AeroVironment is now the preferred home charging supplier for seven global automakers with a line of charging systems that also includes the 240 V TurboCord and the EVSE-RS station. Charged recently chatted with Jonah Teeter-Balin, Director of Product Marketing, to learn more about how the TurboDock was designed with the workplace in mind.
Charged: There are many different ways to implement EV charging in commercial settings. Can you describe the driving principles behind the design of the TurboDock?
Jonah Teeter-Balin: When we were developing the TurboDock, we looked at the market and saw a split between the expensive high-end networked workplace charging solutions and the very basic non-networked solutions (such as AeroVironment’s EVSE-RS products). After looking at many studies and talking to customers, we found that most users in workplaces are not using all of the features that come with the expensive networked solutions. However, they wanted more control than the basic stations offer, simply to prevent people who don’t work at the company from accessing the charger. That was a really important insight for us.
We also thought a lot about the charging times. When you’re coming to work and charging, you really have around four to eight hours. A Level 2 16-amp charger, which the TurboDock is, will deliver about 12 miles per hour of charge. If you look at the Department of Transportation data, the typical one-way commute is about 20 miles or less for 77% of drivers. Some people go longer, obviously, and the TurboDock can provide about 48 miles of range in a four-hour period. This means that almost everyone will fully recharge from their commute, even many extreme commuters with more than 35 miles one way will be covered.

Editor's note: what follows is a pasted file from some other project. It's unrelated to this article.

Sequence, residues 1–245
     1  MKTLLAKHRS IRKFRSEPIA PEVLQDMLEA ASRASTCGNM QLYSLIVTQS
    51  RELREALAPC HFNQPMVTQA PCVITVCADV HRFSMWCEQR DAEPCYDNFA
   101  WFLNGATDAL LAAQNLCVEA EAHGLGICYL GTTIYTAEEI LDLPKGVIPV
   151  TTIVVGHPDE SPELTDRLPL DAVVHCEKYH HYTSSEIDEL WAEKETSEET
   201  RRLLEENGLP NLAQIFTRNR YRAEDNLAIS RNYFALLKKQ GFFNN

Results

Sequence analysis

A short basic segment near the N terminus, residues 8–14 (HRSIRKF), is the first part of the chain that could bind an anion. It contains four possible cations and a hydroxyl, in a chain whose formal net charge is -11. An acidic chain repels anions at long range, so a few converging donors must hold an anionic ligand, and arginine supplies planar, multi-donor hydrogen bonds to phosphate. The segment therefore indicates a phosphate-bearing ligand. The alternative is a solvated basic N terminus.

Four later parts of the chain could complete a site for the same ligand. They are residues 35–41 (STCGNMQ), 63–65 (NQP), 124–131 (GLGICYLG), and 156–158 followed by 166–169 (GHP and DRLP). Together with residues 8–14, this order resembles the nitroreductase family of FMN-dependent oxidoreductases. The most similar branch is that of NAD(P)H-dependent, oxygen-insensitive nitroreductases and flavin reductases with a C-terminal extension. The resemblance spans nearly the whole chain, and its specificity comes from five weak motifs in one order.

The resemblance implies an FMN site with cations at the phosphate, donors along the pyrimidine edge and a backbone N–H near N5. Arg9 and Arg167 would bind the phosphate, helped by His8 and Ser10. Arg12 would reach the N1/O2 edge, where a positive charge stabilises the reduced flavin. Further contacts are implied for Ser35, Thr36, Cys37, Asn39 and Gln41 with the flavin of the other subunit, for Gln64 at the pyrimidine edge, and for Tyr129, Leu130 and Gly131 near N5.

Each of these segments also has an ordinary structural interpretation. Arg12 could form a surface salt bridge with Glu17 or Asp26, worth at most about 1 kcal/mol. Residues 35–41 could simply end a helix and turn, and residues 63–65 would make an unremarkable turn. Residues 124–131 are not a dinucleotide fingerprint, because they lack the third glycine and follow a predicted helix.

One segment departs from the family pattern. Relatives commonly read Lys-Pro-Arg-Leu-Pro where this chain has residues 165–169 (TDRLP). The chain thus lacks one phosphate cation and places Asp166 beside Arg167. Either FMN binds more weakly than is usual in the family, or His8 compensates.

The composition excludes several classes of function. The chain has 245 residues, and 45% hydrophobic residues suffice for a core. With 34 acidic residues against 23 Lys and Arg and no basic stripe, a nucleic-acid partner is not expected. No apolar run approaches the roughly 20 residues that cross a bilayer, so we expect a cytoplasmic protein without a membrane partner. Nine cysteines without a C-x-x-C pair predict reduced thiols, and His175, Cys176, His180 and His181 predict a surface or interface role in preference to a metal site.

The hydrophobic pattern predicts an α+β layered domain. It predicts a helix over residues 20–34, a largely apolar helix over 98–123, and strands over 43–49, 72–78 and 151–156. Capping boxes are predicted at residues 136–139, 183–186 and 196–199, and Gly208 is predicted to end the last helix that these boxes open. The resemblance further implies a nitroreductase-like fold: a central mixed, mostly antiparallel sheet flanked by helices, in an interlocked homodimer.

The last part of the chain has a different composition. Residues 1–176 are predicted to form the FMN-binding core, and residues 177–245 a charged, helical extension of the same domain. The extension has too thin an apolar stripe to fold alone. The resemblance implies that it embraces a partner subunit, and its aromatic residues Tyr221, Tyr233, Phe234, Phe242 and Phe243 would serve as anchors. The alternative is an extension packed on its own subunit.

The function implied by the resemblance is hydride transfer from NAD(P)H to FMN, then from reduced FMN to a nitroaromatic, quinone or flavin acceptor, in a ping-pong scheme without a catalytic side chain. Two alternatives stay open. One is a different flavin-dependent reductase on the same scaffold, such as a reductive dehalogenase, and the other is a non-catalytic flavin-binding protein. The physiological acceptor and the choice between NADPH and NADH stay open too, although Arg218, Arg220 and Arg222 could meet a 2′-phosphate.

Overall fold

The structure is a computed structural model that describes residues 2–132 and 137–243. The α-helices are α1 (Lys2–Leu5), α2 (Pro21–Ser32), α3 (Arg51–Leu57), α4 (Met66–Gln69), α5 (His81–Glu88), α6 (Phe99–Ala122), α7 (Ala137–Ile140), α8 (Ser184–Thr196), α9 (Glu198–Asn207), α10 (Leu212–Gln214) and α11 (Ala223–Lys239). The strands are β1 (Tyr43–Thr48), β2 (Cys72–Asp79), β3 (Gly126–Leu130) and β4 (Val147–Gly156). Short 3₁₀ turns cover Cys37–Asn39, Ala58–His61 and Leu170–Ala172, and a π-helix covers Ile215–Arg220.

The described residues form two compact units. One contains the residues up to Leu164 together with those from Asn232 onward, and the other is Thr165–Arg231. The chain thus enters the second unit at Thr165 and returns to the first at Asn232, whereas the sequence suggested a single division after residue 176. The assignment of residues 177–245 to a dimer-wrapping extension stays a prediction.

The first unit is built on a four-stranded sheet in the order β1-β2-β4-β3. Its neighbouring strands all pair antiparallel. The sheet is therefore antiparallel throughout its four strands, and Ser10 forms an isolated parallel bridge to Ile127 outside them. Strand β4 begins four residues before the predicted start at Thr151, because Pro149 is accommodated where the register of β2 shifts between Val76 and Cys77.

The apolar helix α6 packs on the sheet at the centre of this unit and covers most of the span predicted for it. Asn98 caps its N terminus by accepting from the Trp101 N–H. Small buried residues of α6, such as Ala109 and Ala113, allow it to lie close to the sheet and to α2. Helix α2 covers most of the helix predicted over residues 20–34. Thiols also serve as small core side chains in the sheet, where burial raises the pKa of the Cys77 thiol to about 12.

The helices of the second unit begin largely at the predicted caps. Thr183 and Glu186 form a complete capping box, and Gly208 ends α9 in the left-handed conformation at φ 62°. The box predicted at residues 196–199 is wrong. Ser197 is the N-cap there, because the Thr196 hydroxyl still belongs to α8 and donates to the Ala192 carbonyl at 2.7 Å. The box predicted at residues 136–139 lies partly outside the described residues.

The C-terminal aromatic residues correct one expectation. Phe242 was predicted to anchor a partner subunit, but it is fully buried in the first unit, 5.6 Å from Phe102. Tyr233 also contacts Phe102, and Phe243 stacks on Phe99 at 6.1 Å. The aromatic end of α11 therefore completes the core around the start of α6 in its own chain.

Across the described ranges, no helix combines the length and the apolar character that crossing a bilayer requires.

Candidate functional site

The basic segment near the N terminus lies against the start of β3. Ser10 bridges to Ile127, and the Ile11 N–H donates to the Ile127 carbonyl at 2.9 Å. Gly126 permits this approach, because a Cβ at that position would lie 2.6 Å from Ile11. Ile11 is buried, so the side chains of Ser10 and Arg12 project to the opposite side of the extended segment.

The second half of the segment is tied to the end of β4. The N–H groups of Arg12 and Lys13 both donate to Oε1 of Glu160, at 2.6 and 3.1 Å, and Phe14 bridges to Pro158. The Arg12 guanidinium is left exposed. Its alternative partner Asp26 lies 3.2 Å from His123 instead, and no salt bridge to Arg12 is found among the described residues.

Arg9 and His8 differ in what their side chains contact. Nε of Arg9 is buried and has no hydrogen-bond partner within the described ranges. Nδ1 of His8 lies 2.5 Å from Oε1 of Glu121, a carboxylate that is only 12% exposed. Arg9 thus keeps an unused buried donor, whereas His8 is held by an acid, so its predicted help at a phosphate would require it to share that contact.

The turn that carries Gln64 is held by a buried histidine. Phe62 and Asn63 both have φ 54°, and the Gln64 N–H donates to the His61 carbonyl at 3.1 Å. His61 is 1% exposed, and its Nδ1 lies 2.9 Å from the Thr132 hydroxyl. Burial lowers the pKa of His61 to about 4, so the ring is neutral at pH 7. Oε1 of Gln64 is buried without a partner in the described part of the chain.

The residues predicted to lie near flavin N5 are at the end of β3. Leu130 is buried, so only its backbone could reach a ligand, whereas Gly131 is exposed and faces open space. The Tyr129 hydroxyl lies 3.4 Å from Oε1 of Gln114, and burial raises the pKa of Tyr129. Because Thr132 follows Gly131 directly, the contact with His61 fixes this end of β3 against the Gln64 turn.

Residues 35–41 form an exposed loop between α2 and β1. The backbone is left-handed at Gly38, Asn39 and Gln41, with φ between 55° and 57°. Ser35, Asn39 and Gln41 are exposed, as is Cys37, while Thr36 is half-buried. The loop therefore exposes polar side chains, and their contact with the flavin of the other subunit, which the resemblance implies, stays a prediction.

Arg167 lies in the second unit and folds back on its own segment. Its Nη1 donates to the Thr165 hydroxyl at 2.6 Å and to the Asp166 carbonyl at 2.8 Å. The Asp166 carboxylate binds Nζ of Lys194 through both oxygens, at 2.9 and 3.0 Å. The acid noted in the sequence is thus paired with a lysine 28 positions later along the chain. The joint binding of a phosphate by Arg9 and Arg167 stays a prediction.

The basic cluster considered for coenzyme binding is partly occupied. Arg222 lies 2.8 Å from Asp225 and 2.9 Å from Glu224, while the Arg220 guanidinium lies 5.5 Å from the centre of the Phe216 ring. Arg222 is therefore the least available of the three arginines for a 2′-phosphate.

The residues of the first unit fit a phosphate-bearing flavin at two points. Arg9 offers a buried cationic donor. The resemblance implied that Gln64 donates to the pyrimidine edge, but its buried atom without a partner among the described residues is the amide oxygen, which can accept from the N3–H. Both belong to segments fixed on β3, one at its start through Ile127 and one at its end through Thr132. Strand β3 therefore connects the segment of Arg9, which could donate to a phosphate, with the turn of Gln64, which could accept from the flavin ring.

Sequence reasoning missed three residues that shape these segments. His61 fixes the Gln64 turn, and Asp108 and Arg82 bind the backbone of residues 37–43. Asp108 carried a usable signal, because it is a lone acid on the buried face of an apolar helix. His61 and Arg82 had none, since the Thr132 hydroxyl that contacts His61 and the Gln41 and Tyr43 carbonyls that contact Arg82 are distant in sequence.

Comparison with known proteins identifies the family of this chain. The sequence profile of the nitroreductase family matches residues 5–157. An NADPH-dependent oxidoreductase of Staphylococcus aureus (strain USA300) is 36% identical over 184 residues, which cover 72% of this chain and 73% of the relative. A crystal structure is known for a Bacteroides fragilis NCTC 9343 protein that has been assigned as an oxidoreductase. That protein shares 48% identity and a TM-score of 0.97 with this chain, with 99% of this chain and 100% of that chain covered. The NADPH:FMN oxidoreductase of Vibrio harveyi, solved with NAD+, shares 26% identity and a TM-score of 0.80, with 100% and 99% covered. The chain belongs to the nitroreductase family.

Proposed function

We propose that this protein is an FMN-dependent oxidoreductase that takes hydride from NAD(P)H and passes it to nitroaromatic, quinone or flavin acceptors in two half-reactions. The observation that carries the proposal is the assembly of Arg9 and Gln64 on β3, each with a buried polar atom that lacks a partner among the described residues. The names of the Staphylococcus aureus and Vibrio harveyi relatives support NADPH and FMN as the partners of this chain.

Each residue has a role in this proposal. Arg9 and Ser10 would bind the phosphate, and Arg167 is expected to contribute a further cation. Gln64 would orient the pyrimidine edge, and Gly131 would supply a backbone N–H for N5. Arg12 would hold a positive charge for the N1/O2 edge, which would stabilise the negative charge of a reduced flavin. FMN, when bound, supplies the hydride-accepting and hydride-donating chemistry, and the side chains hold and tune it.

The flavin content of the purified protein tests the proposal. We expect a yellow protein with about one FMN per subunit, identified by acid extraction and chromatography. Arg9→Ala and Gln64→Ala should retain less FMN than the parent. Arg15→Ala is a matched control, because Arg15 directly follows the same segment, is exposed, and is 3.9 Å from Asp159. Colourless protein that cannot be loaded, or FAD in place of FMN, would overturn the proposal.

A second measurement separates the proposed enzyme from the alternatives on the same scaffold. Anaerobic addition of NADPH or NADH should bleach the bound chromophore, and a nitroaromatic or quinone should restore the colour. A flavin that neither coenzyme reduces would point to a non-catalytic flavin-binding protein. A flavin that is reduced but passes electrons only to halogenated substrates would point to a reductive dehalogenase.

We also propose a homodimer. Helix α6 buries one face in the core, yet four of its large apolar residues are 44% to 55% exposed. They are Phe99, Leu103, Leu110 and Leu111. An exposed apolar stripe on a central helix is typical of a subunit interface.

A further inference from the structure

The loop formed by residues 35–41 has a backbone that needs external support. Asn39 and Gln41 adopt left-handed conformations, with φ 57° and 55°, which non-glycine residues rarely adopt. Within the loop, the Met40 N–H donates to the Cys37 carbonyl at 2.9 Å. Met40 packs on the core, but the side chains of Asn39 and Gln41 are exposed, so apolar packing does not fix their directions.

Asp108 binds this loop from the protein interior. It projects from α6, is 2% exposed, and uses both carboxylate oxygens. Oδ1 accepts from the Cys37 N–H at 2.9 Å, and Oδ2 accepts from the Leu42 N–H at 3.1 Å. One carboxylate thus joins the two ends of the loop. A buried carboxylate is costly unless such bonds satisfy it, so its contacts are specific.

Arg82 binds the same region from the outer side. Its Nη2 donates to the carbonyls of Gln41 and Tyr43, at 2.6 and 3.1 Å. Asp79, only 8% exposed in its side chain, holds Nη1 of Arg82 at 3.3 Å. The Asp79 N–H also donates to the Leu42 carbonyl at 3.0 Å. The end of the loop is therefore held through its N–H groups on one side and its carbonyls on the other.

We were able to validate the data by talking to one of our large customers who offered 30-amp Level 2 charging to employees. While the average amount of time people were plugged in at work was about 3.5 hours, the average amount of time they were actually charging was only an hour. The conclusion is that, clearly, workplaces should not be paying the additional costs of 30-amp hardware and infrastructure.
Additionally, the TurboDock can also be configured for Level 1. You can do many ports on Level 1 and allow people to stay plugged in all day, or have a mix of Level 1 and Level 2 ports. This really helps to drive down installation costs, which are perhaps the biggest hurdle to adoption.